Next we look at what could have been. What would the response be if we spaced the elements in a 1m line (facing to the right) without the sequential delay taps. We could call it the End-No-Fire array or the Begin-Fire.  You choose. The reason to do this is to see where the amplitude goes. The answer is: it follows the phase. Let’s look now at the 31 Hz response in Fig 06.  In Fig 06a we see the phase wavelengths laid on to the empty MAPP plot. If the speakers are 100% omnidirectional, this is all y0u need to know to see where the sound will go. The location where the lines cross is where they are in phase. The fronts of the speakers are pointed to the right but by sleight of phase we have magically moved the main lobe up and down.  Fig 6b shows the combined response of the 4 speakers and indeed the strongest sound is heading north and south. The steering is not extreme, however. Why? The answer is in the phase again. The speakers are sequentially only 32 degrees apart (2.9 ms and 31 Hz). The response in the left and right directions don’t fall all the way out of phase – no 180 degree type of differrentials. Therefore the relationship between the elements is more like a lack of cooperation than a serious fight.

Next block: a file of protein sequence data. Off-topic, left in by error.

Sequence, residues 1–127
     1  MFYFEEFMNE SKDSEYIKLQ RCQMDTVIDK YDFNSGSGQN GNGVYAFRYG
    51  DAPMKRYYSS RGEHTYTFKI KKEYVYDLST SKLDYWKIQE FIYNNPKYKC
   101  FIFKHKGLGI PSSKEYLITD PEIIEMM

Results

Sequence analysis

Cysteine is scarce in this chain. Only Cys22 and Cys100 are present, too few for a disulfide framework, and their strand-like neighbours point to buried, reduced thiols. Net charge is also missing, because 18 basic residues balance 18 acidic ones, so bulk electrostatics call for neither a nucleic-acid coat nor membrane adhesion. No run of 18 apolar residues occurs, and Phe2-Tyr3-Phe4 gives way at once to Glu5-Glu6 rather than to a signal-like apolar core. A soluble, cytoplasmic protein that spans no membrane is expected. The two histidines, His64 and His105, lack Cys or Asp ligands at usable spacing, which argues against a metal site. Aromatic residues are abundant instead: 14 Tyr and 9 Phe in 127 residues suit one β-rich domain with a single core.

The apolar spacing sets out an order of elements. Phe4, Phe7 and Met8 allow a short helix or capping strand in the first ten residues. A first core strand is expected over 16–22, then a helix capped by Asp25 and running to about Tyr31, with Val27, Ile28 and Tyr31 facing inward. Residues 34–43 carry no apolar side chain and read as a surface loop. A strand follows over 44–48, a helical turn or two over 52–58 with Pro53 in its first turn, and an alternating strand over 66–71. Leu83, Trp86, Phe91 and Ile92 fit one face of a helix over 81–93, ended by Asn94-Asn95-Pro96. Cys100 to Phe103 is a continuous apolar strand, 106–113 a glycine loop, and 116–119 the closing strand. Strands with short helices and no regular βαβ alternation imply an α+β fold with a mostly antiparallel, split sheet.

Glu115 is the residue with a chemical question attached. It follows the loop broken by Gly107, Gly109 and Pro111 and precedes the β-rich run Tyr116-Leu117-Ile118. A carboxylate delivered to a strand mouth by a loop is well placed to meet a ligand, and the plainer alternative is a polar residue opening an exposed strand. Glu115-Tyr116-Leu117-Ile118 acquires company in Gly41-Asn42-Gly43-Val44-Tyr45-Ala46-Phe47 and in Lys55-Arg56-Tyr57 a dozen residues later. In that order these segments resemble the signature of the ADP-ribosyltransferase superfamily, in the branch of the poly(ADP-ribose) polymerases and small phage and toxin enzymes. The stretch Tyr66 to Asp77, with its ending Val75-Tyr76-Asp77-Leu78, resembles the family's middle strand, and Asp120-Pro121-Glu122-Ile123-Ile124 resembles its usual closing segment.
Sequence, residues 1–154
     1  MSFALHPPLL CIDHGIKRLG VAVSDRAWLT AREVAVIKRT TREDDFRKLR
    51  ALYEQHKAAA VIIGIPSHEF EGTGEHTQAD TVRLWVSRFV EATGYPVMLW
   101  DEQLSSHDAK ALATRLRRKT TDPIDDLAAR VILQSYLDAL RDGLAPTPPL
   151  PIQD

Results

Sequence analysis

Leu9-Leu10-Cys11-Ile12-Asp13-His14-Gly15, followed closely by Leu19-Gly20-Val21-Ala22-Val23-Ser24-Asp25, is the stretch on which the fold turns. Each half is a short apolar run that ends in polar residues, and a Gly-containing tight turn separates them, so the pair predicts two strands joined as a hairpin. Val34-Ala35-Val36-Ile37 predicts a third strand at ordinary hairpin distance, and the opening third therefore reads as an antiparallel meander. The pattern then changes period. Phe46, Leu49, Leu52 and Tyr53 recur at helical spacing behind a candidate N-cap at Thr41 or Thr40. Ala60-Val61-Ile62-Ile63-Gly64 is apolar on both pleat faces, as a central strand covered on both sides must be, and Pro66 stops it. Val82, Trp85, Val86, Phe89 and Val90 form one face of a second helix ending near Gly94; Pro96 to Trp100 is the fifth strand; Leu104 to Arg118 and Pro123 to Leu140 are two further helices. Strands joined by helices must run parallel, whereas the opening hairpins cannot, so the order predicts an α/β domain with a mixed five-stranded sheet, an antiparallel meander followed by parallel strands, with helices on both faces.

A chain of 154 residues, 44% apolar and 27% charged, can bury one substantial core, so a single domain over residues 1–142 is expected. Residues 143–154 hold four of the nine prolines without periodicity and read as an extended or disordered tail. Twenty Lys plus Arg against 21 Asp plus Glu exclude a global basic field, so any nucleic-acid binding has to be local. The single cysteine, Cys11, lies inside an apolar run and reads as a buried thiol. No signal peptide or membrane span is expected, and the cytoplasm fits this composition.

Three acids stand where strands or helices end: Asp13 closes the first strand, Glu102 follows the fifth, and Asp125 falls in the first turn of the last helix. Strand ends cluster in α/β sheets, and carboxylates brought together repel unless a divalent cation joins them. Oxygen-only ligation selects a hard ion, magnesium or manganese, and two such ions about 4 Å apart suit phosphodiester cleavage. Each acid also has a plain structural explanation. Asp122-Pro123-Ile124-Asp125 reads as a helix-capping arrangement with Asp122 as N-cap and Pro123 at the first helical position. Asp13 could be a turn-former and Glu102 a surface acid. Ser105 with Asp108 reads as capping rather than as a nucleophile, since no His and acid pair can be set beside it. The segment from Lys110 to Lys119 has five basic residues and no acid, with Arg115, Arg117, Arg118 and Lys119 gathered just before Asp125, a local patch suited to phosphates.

As we rise is frequency to 63 Hz (Figs 7a and b) the wavelength is cut in half. The displacement (1 m) is still the same but the pahse shift is now 64 degrees per element. By the 4th element we have reached 192 degrees of phase shift. The 11st and 4th elements are in full conflict. The result can be seen in the squeezing of the sides in favor of up and down. where all 4 elements are 100% in phase.  As we move around the circle (from the top) we can see the lines gradually moving apart. This coincides with the gradual loss of level as we move to the sides.

Next up is 125 Hz (Fig 8a and b). Once again the wavelengths shrink in half. Now we find ourselves with the 4 speakers lapping each other on the sides and spreading out evenly in the corners. The full laps create addition on the sides – mixed with the speakers that are NOT in phase – creating a push/pull situation. This is how side-lobes are built.  On the diagonals we see the deepest cancellations – due to 4 evenly spread arrivals.

The End Fire (with delay)